The remaining part of this post will turn to the Blackpink string of incidents with their recently viral and record-breaking song Kill This Love that debut on 04 April 2019.
Following the release of the song, a small group of fans cautioned each other about imposter YouTube accounts that were siphoning Blackpink’s streams and views. In the following comparison, Blackpink’s official YouTube account is on the left while one such imposter account is on the left. Both accounts closely resemble each other if not for subtle verifying details: a) The official account’s subscriber count listed right next to the subscriber button (top left), but this is missing on the imposter account (top right). Instead, the imposter account attempts to replicate these verification markers by manually posting a subscriber count into the description box in another tab (bottom right). b) The official accounts About page lists their total number of views and the date the account was started coincides with Blankpink’s debut (bottom left), whereas the imposter account was started a year ago and has accumulated much fewer views (bottom right).
As the video ascended into virality, fans who were closely monitoring the video’s metrics were angered by the inaccuracy of the counters:
Other fans felt that the source of the ‘freeze’ was “sabotage” from anti-fans:
Allegedly, it is widely believed by fans that commenting with the words “view” or “stream” or even using emoji while commenting on a YouTube video would cause the YouTube views and likes meters to freeze:
Thus fans began to ‘spread the word’ by replying to numerous comment threads, pleading with commenters to use l33t speak to evade platform censorship:
Alongside such peer-to-peer networked ‘education’, fans continued to double down on their efforts and strategised over more efficient ways to stream the video:
As Blackpink’s video broke music records, other conversation threads began to emerge on Twitter, accusing YouTube of falsifying the viewing history of its users. Some fans reportedly found Blackpink’s video in the ‘History’ tab of their YouTube account despite not having watched the video. Various discussions suspected platform fraud rather than a glitch. Fans who were familiar with YouTube’s various features claimed that the red bars superimposed onto the thumbnail of videos would indicate how much of a video was watched. Various comment threads thus noted the absence of said red bar on the Blackpink video that was showing up in their History:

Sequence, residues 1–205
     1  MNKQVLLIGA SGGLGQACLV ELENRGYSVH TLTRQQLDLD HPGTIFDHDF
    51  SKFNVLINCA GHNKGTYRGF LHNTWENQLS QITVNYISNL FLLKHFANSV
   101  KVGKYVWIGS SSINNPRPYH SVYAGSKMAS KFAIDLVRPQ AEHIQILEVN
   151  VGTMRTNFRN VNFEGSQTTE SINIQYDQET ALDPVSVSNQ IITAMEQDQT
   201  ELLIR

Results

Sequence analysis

But still other fans disputed the ‘red bar’ theory, claiming to have watched the video (several times) but not registered that marker in their History:
9) Chainmail hoax
On 06 April 2019, a chainmail hoax broke out on Twitter claiming that streaming a Blackpink song would earn listeners a free drink from Starbucks. Rumour had it that users were to screengrab an image of themselves streaming Blackpink’s Kill This Love, post the screengrab on Twitter with the “#KillThisLoveStarbucks” hashtag, receive a voucher from a Starbucks social media account via direct message, and flash this voucher at any Starbucks outlet to redeem a drink:
Several fans then posted ‘evidence’ of their free drinks:
But many more fans who followed the instructions had not succeeded and were @mentioning Starbucks repeatedly, citing poor customer service or requesting for clarifications. Starbucks’ social media thus responded to the throngs of users with a template message that this was not a valid offer, and that they were investigating the incident:
And having personally worked in customer service, I give serious kudos to the various Starbucks social media staff for their labour in politely clearing up the misunderstanding with dozens and dozens of users:
Fans had various responses to Starbucks; while many realised this was a hoax (and acknowledged the genius of this strategy for increasing viewership on Blackpink’s video), still others called out Starbucks for bad customer service and threatened to boycott them:
Eventually, fans came to grips with the fact that the hoax was another strategy for signal boosting Blackpink’s video, as other Twitter users pointed out the spillover effects and stress placed onto Starbucks:
On reflection, many fans anti-fans felt that the stunt was “desperate”, “dumb”, and “problematic” (even if it may have succeeded):
Across the various strategies listed above, a final observation I made was the range of international languages that fans were communicating in. I screengrabbed just a very small sample of such instances on Twitter, and continue to be convinced that the impact of K-pop fans, their fan labours, and their vernacular attention generating strategies and potential networks of (mis)information are not confined to South Korea or Asia:
A final remark from me:
Some of us may be tempted to brush these phenomena off as mere pop culture or fan practices. However, I find it more useful to frame these vernacular fan practices as strategies demonstrating effective science communication. These fans who are volunteering their time, labour, and expertise are using the vehicles of K-pop to demonstrate the production and circulation of misinformation, white noise, false flags, information amplification and burial, attention shaping, sentiment seeding, and clickbait on social media. They also display: a) the wit to tap across various interest communities whether through social media affordances or fan affects; b) the savvy to cohere across a variety of platforms with good knowledge of how each algorithm ‘works’; and most crucially, c) the rapid ability to spot, learn, replicate, and adapt emergent verification markers on social media, whether instituted by the social media platform or informally but widely acknowledged by fan cultures. In my current and future projects, I will continue to study such weaponising of popular culture as cultures of knowledge.
Dr Crystal Abidin is a socio-cultural anthropologist of vernacular internet cultures, particularly young people’s relationships with internet celebrity, self-curation, and vulnerability. She is the author of Internet Celebrity: Understanding Fame Online (Emerald Publishing, 2018) and co-editor of Microcelebrity Around the Globe: Approaches to Cultures of Internet Fame (Emerald Publishing, 2018). Reach her at wishcrys.com or @wishcrys.